Four decades after shooting Reagan, John Hinckley seeks redemption through music
More than four decades after John Hinckley shot Ronald Reagan, the man who was acquitted of the crime on an insanity defense and subsequently hospitalized for 34 years is fully free.
But the one thing he wants most after decades of treatments and years of conditional release still eludes him: a guitarist and songwriter, Hinckley longs to play a live concert.
On June 15, the day he was released from court oversight, Hinckley also learned the Brooklyn venue where he was scheduled to perform had scrapped his set over safety concerns, saying they’d faced “very real and worsening threats.”
“It was just a huge disappointment,” says Hinckley, who’s now 67 and wields an acoustic guitar with his name emblazoned across its soundboard.
He faced the same disappointment just before other scheduled shows in Chicago, Virginia and Connecticut.
Speaking to AFP at a park in Williamsburg, Virginia where he lives in an apartment with his cat Theo, Hinckley insists he’s a changed man, eager to share his music with a world that’s long branded him “violent and unstable.”
“They know me from all the negativity that came out about me for 41 years, but I’m a different person now,” he says with a southern twang.
On March 30, 1981, Hinckley shot Reagan and three others in Washington. All survived, but the former president’s press secretary, James Brady, was left permanently disabled.
Hinckley said he committed the crime to impress Jodie Foster; he’d grown obsessed with the actor after watching her in Martin Scorsese’s Taxi Driver.
He was declared not guilty on grounds of insanity and admitted to St. Elizabeth’s Hospital in Washington for more than three decades.
But Hinckley’s public image remained firmly in 1981. Stephen Sondheim wrote him as a character in the musical Assassins, while the new wave band Devo released one of his poems as a song.
He was discharged from the hospital in September 2016 but mandated to live with his elderly mother, who has since passed, in Williamsburg. His movements, electronic devices and online activity were limited and monitored.
Those conditions were lifted this summer, and Hinckley passes his days in the sleepy town painting, songwriting and uploading performances online.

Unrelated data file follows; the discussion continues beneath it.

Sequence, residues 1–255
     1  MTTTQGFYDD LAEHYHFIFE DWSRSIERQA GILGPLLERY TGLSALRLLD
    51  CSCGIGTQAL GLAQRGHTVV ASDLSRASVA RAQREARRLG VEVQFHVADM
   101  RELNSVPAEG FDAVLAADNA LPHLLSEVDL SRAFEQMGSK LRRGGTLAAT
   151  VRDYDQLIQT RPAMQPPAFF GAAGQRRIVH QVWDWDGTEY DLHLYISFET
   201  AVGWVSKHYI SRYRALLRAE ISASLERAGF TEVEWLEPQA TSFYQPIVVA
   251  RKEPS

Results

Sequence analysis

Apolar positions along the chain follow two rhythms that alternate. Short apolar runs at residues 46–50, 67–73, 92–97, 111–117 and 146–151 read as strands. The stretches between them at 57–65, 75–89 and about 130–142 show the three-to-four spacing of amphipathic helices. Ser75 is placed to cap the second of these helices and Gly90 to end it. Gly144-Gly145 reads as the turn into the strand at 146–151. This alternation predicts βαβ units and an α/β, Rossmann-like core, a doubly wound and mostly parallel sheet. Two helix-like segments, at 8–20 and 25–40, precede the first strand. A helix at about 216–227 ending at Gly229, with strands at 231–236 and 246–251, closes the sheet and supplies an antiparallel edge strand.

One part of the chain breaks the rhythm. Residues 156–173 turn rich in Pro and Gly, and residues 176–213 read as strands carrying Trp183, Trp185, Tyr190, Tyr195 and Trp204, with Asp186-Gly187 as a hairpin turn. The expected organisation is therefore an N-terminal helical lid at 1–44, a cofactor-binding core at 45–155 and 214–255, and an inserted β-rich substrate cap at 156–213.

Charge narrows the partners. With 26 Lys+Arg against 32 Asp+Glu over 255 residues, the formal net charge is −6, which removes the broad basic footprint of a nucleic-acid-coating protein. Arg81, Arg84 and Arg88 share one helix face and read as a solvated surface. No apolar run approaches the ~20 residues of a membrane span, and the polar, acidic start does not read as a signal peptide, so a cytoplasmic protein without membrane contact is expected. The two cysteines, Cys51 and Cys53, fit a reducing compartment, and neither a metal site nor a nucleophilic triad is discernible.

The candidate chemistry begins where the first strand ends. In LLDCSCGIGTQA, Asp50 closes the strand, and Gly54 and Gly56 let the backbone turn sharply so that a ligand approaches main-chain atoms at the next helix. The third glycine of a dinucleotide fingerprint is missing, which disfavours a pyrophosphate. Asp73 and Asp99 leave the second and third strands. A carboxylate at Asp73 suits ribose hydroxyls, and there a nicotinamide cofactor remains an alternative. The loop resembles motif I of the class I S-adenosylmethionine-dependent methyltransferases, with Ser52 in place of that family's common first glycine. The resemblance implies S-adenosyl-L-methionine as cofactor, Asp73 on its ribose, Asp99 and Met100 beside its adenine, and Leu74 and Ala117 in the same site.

He’s amassed more than 50,000 Twitter followers, and notches nearly 5,000 monthly listeners on Spotify.
But the self-taught musician yearns for the connection of a live audience.
“I want them to feel better coming out of the show than going into the show,” Hinckley says. “I have people that write to me and say, ‘I listened to your music, and it helps me to get through my day.’”
“That’s a great feeling.”
For years, the Reagan Foundation ardently protested Hinckley’s freedom, conditional or otherwise, accusing him of seeking “to make a profit from his infamy.”
If his criminal act had not involved someone as high-profile as Reagan, it’s likely Hinckley would’ve been released from the hospital, at least conditionally, earlier than the court approved it.
Even if you are technically acquitted for reasons of insanity, “there is a punitive element to the way the system works,” said Paul Appelbaum, a professor of psychiatry at Columbia University.
“If you commit a heinous act – for example, if you try to kill a President of the United States – you can expect to spend a long time confined, whether your mental state continues to require it.”
Hinckley holds he has tried apologizing to the Reagan Foundation numerous times.
“I’m sorry for what I did,” he says. “I’m not the person I was back then.”
“I was totally alienated and depressed and unstable” leading up to the attack, Hinckley says.
“I can’t relate to the way I was, because now I kind of have that feeling of, ‘What was I thinking?’”
At this point, the barrier to his stage ambitions appears to be a question of morality.
“We’re in a society where people have gained fame and notoriety for all kinds of reasons, including not very savory reasons, and in many cases are subsequently able to capitalize on that,” said Appelbaum.
“It’s not easy to see why somebody like John Hinckley should be treated differently than everybody else.”
Too many guns
Hinckley offers a folksy brand of acoustic rock with unambiguous lyrics.
“Freedom stands next to me / Everybody knows my history,” he croons on I Sing My Songs.
“True remorse is real / It has been the way I feel.”
As his quest for a venue continues, Hinckley’s got an album set for release on vinyl by year’s end with Asbestos Records, an indie ska and punk label.
He says he’s written thousands of songs, with musical influences including Bob Dylan, Neil Young and The Beatles.
Recalling the assassination of John Lennon, which occurred just months before Hinckley’s own crime, he says, “I’m sure it didn’t help in my psyche to have that happen.”
Hinckley applauded increased attention in recent years to mental health research and treatments, but says he thinks “a lot more can be done.”
“I think the country is in a really, really volatile spot right now,” he says. “I just wish people would calm down.”
And the man who changed his own life forever by wielding a firearm emphasizes a need for gun control.
“There’s too many guns in America,” Hinckley reflects, giving his guitar a languid strum.
“That’s why all this crime and all this violence keeps happening.”